Volume 1 Issue 1 ISSN:

The Counterfeit Canker- Intradermal Nodular Fasciitis
Anubha Bajaj*

Consultant Histopathologist at A.B. Diagnostics, New Delhi, India

*Corresponding author: Dr. Anubha Bajaj consultant Histopathologist at A.B. Diagnostics, A-1 Ring Road, Rajouri Garden New Delhi 110027 India.

Received Date:  July 01, 2020                                           

Publication Date: July 15, 2020

The Counterfeit Canker- Intradermal Nodular Fasciitis

Nodular fasciitis is denominated as a benign, proliferative, self- limiting neoplasm of fibroblastic or myofibroblast derivation. Although an exceptional neoplasm of obscure etiology, nodular fasciitis is a frequently delineated pseudo-sarcoma of soft tissues. Nodular fasciitis was initially scripted by Konwaler et al in 1955 and was nomenclated as “subcutaneous pseudo sarcomatous fibromatosis”. Although previously denominated as pseudo sarcomatous fasciitis, nodular fasciitis can additionally be designated as cranial fasciitis (1).

On historic analysis, nodular fasciitis was probably contemplated as traumatic in origin. Nevertheless, a sporadic emergence of the neoplasm is currently envisaged (1).                                                            

On account of rapid neoplastic progression, infiltrative tumor evolution, enhanced cellularity, elevated mitotic activity, or histopathological simulation, nodular fasciitis can be misinterpreted as a malignant neoplasm. As nodular fasciitis is a benign neoplasm, it is essential to circumvent a misinterpretation and initiation of a subsequent, inappropriately aggressive therapeutic intervention (1,2).

Disease Characteristics

Nodular fasciitis is traditionally described as a benign, self-limiting, fibrous neoplasia delineating a predilection for upper extremities, trunk or head and neck. Like a benign, self-limiting, pseudo sarcomatous neoplasm, nodular fasciitis is comprised of vascular and fibroblastic cellular proliferation. Traditionally, nodular fasciitis was considered to be a reactive condition instead of a definitive neoplasm.  Of obscure pathogenesis, nodular fasciitis can be triggered by a traumatic incident. Nevertheless, the history of preceding trauma is discerned in singularly few instances (1,2).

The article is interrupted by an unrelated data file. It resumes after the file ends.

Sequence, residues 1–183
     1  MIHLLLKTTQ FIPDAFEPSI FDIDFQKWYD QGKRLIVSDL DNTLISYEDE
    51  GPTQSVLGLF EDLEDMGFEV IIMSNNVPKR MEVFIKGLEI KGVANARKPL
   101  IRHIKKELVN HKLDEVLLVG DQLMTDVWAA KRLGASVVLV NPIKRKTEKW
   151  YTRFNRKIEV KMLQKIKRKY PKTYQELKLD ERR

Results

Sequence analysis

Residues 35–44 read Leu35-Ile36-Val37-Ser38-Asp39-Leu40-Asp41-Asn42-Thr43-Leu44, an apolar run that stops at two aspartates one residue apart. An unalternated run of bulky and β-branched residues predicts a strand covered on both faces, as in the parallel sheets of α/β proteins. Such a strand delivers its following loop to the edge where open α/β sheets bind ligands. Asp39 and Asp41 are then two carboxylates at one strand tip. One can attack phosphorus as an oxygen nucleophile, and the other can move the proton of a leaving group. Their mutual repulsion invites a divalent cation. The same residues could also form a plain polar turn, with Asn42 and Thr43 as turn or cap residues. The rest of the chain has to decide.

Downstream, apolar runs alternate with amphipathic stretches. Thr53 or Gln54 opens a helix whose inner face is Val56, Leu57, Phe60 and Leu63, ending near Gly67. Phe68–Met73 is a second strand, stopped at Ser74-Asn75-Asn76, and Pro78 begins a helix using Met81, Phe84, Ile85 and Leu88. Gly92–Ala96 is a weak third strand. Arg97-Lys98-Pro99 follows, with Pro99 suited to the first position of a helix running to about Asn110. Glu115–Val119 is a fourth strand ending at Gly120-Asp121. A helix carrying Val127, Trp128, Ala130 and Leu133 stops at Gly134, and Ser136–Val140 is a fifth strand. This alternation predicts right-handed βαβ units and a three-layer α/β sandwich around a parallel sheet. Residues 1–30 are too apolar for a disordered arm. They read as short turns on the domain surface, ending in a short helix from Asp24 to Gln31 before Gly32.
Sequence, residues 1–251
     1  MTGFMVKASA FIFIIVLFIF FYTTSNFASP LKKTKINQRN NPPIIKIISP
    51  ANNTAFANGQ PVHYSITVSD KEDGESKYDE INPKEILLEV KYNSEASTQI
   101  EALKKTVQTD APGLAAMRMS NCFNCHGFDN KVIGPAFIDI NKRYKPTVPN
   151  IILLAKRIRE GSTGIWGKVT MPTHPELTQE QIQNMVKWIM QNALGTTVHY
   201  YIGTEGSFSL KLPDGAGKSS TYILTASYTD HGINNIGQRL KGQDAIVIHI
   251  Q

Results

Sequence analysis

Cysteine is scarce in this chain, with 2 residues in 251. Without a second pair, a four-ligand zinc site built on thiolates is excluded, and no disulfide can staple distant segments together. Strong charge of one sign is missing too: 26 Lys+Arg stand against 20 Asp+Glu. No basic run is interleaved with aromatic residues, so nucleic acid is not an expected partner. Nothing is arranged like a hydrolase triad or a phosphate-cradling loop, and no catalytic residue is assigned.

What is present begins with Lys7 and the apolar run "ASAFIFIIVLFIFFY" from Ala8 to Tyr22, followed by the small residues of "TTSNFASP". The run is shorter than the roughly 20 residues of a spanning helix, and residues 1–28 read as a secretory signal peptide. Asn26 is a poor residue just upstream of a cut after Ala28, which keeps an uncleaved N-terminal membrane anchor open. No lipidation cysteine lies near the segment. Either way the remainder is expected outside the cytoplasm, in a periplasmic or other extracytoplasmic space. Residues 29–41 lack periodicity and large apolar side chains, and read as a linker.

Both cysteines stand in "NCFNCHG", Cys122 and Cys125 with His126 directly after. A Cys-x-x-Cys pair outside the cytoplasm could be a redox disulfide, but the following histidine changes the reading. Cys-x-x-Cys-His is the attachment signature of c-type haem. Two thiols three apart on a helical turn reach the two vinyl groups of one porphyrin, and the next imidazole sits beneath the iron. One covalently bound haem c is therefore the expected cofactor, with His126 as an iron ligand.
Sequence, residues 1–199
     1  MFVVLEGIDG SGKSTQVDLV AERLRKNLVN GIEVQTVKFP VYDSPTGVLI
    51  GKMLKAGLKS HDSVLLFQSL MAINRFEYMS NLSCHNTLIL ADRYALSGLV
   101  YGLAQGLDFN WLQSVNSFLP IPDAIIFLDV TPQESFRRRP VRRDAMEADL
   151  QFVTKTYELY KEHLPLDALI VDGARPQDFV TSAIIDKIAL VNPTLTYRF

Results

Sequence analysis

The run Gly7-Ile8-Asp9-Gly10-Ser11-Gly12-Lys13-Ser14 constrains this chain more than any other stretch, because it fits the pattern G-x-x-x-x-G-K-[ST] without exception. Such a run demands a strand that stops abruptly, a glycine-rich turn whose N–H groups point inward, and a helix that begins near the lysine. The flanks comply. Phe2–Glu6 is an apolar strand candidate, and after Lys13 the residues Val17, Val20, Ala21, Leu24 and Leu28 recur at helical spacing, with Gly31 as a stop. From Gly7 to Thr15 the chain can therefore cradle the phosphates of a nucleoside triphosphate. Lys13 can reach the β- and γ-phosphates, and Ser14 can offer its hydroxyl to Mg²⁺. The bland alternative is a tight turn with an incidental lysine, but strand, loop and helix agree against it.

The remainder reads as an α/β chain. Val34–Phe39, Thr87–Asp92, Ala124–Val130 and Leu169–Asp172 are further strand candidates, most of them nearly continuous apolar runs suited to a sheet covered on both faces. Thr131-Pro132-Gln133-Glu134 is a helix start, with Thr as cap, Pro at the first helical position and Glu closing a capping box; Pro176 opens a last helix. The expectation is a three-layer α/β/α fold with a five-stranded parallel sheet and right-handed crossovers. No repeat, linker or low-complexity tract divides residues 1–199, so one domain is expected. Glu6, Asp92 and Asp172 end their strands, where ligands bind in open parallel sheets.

Chromosomal rearrangement of ubiquitin-specific protease 6 (USP6) gene emerges as a repetitive and specific feature. Thus, nodular fasciitis can be contemplated to represent a clonal neoplastic proliferation.  The majority (100%) of instances of nodular fasciitis delineate the commonly discerned genetic fusion product MYH9-USP6 in addition to the exemplification of chromosomal fusion of USP6 with diverse genetic associates (2,3).

As a common mesenchymal neoplasm, nodular fasciitis usually occurs in young adults or betwixt third to the sixth decade although the tumor can arise at virtually any age and no age of disease emergence is exempt. A gender predilection is absent and males are incriminated with the equal frequency as the females. Anatomic distribution of nodular fasciitis is comprehensive and the tumefaction can emerge at any site (2,3).

Nodular fasciitis is a neoplasm that can reoccur. However, tumor relapse is extremely exceptional thus a reoccurring neoplasm, previously diagnosed as nodular fasciitis, can configure as a malignant tumefaction upon a critical reassessment.  Nodular fasciitis commonly represents a diagnostic challenge (2,3).